The most important documents for your FCL security review and how to keep them organized
In your annual security review, your Industrial Security (IS) representative will require documentation that shows your facility is meeting NISPOM requirements. Your IS rep will provide you with a list of the documents they’ll need to see and give you one to two months to provide them.
These are key documents to maintaining your Facility Clearance (FCL). However, since many of them are not things you’re accessing on a daily basis, it’s easy for them to get buried in your files, especially if you don’t have a clear organizational system. In order to be prepared for your security review, you need to be familiar with the documents the IS rep will need to see and know where to access them.
Some common documents the IS rep may request include your company’s DD 441 and 254, SF 328 and employee SF 312s, bylaws, articles of incorporation, and other documents related to Foreign Ownership, Control or Influence (FOCI). Many of these are documents you won’t be regularly updating or accessing.
DD 441 is an agreement between contractors and the government that details the security responsibilities of both and acts essentially as an NDA.
DD 254 is a contract that provides the contractor with security requirements and the classification necessary for the contract.
SF 328 covers concerns of FOCI. It asks 10 yes or no questions about the organization’s dealings with foreign persons, and if the answer to any questions is yes, you need to elaborate on why.
SF 312 is the classified information nondisclosure agreement employees sign.
There are further documents the IS rep may request beyond these, like your Key Management Personnel (KMP) List or proof of your Facility Security Officer (FSO) STEPP training.
Beyond these, it’s crucial to maintain documentation of any incident reports. Document these as soon as any incidents are brought to your attention. If there is a big gap in time between the incident and the documentation of it, that can be a red flag to your IS rep that your security may not be up to snuff.
Of course, being familiar with these documents and having them up to date doesn’t matter if you can’t find them when the time comes for your inspection.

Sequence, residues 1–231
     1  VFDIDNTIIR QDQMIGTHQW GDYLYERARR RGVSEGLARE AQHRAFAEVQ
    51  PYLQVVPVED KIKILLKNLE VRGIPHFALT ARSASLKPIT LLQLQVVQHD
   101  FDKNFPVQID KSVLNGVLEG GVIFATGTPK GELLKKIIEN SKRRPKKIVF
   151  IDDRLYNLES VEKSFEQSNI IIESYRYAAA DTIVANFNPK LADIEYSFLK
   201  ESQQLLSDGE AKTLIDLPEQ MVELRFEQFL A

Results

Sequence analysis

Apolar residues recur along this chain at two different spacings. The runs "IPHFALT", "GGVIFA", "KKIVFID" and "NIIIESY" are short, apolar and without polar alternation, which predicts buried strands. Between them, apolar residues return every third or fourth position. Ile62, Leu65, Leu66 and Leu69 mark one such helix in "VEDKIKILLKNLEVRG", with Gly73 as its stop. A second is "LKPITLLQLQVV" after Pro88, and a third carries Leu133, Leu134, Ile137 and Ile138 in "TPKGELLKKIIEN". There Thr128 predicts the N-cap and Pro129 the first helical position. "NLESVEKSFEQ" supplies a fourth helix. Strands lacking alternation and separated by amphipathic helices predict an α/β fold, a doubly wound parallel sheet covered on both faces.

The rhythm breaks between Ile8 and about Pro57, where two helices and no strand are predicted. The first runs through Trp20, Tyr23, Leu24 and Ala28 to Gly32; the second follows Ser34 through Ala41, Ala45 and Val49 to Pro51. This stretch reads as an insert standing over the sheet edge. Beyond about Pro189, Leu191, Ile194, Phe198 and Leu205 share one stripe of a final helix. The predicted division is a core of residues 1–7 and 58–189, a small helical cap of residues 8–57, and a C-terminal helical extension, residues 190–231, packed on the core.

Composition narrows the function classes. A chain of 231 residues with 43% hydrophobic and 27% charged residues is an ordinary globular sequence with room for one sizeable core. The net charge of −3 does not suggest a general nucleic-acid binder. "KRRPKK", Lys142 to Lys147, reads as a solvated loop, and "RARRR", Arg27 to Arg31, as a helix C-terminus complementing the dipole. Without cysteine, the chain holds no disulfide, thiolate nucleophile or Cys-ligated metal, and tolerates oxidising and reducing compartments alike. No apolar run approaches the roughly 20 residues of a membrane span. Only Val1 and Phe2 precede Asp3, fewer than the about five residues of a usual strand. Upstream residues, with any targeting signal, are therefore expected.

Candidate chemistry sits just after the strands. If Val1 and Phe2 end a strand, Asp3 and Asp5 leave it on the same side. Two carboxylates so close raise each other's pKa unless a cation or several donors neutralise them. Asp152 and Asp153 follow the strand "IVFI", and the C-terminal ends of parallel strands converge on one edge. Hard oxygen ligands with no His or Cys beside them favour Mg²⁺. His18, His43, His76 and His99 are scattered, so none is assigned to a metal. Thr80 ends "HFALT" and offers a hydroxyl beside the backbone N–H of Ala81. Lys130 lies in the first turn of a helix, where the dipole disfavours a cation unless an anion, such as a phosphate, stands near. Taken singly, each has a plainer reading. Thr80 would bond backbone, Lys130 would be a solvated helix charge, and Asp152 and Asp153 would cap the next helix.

Best Practices for Document Management
Organization of your files is incredibly important. In cleared facilities, it isn’t uncommon for the FSO to wear multiple hats and hold more than one position and set of responsibilities. When they have to juggle multiple important roles, it can be easy for these files to get lost in the shuffle if they’re not saved in a clear location or with a proper name. If you have a tendency to download documents and not rename them or move them out of the downloads folder, it’s time to rework your file organization system.
The best starting point is to create a general FSO or security folder. Within this, you can create further folders organized by how frequently you use them, such as FCL, Personnel Clearance (PCL), incident reports, and insider threat program. When developing your file system, it’s not enough for the system to make sense to you. Make sure there’s a logical progression of folders to get to what you need, so if someone else needs to access them without you in future, they’ll still be able find what they need.
When saving documents like SF 312s, make save them in a way where you can easily search for them even if you can’t remember where they were in your files. It also helps you identify what the document is at a glance, without having to open it. Include both the name of the person who the document is relevant to and what the form is, so “John Doe SF 312” rather than just the person’s name or document type.
Keep your folders organized and clean as well. Have an area to archive things you no longer need, and set a time frame for how long documents will sit before they’re moved there. The general rule of thumb is to keep any documents for a year before archiving them, like moving files related to a terminated employee.
When the IS rep does make their request for your documents, they typically give you a deadline a month or two from the initial contact to send them what they need. Because there’s a long time frame in which to do this, it’s tempting to put it off and chip away at it over time, but that often means it’s just left until the last minute and results in a crunch to find everything right at the deadline. Instead, take the time to find everything right away, especially if your documents aren’t fully organized or there’s anything you’re worried might take some time for you to locate.
If you’re an FSO looking for help managing some of your responsibilities, our FSO support services can help lighten your load and free you up to focus on what’s important. From PCL management to annual briefings, our team can meet your needs and offer expert insight into creating a strong security culture at your organization.